Have you ever noticed that people only say “It’s just a game” when they’re not winning? As for me, I love winning! Even when I’m playing tic-tac-toe with little kids, I play to win! And I’m not much for the kind of games where nobody/everybody wins because they all tried. (I might have a slight competitive streak.)
But last November, I played a game with my sister and my nephews in which I really believe we all won. It was not so much a competition against each other, as a competition against our own human bent toward ungratefulness.
I call it “the Thanksgiving Game.” Here’s how it works: Each day, beginning November 1st, players make a list of what they are thankful for beginning with the letter of the alphabet that corresponds with the day. (On November 1, words begin with A; on November 2, words begin with B; and so on.)
For instance, today, I am thankful for Acceptance in Christ, the Ability to serve God, Apples, Aviation technology, Answers, and Available friends. (If I were really trying to make a long list, I could add Anteaters, and Aardvarks…but I think that may defeat the purpose of the exercise.)
The game is not my invention; I learned about it last year from a few others who were already playing it. But it was my idea to email lists back and forth with my sister and nephews. Sharing the lists with others added fun accountability…not to mention that the others always came up with way more creative words than I did!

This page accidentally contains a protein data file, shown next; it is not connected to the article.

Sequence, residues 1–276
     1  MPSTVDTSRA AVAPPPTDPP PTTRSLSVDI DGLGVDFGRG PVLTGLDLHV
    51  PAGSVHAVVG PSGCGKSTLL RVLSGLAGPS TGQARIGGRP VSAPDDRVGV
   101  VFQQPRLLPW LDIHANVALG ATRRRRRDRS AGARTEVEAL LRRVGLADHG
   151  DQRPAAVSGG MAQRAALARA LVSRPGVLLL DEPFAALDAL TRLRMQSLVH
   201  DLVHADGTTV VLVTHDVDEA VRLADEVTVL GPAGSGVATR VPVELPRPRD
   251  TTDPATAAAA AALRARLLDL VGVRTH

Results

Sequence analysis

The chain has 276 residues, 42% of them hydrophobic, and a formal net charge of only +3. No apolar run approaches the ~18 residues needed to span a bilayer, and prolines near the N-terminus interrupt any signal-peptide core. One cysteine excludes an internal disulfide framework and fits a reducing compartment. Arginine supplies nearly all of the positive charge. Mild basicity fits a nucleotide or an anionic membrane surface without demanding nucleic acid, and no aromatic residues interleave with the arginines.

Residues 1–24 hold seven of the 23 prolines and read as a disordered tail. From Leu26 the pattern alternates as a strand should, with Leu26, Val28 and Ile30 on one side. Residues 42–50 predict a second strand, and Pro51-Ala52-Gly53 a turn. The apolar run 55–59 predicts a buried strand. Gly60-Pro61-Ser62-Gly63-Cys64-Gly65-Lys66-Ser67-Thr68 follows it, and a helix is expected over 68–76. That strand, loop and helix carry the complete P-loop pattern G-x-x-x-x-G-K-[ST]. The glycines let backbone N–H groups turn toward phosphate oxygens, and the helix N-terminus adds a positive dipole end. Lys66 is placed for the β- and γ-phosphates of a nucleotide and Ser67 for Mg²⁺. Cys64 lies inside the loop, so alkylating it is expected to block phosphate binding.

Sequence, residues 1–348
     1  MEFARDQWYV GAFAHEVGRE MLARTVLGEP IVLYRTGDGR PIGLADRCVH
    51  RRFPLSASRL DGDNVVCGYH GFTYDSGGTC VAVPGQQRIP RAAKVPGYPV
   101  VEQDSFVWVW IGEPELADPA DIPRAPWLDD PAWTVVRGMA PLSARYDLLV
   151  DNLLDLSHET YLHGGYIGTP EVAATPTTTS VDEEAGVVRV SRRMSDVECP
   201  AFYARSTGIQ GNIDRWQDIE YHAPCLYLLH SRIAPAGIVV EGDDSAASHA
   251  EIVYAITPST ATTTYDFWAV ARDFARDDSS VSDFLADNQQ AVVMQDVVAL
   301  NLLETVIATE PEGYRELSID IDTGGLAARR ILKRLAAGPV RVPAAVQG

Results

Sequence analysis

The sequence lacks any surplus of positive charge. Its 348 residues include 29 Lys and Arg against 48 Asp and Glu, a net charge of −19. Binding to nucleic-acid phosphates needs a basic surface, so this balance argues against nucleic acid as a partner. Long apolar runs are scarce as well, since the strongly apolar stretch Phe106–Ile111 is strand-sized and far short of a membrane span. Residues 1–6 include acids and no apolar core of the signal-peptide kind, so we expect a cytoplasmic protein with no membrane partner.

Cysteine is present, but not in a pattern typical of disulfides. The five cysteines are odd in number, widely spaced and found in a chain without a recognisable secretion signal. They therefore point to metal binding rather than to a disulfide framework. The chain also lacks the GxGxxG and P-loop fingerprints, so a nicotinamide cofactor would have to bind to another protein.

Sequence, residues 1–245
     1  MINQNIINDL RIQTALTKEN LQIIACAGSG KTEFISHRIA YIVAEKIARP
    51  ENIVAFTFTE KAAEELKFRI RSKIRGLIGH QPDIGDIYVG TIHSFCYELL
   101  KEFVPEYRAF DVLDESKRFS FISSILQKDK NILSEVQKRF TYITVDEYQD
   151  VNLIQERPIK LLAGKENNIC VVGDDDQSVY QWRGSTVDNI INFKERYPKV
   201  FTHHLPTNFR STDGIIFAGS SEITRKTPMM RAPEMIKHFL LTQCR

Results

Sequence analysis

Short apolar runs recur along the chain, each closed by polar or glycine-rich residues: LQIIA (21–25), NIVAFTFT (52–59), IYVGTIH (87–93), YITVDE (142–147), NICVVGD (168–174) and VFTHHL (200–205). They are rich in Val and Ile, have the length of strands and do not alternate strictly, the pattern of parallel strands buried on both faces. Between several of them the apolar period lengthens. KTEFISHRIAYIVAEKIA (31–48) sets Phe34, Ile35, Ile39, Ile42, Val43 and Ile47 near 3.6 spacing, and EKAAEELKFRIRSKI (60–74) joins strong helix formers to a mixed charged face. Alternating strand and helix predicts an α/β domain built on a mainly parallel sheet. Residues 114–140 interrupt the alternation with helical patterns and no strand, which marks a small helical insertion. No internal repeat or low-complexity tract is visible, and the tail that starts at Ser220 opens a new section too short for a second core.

This year, I drafted four “rules”:
- No dictionary use.
- No referring to last year’s lists.
- Must be things that we actually pause for a moment to be thankful for. (That might rule out the anteaters and aardvarks.)
- Goal is to get at least five items on the list each day, and anything above that is a bonus. (This one was to protect me from the appearance of failure by always having the shortest list. I want to remain a winner!)
Everyone who plays this game, especially according to rule #3, wins. Even if you don’t have the longest list, even if you don’t have the most creative words…you win if you express thanks to God. We are all ungrateful by nature, and anything that redirects our attention to the gracious goodness and faithfulness of God makes us winners!
I believe that the Lord loves to hear our thanks (Psalm 22:3). I believe that giving thanks is one of the best sacrifices we can give Him (Hebrews 13:15). But I also know by experience that thanksgiving is good for us!
It is a good thing to give thanks unto the Lord, and to sing praises unto Thy name, O most high.—Psalm 92:1
What are your thankful for? Add your top three for today’s letter in the comments below!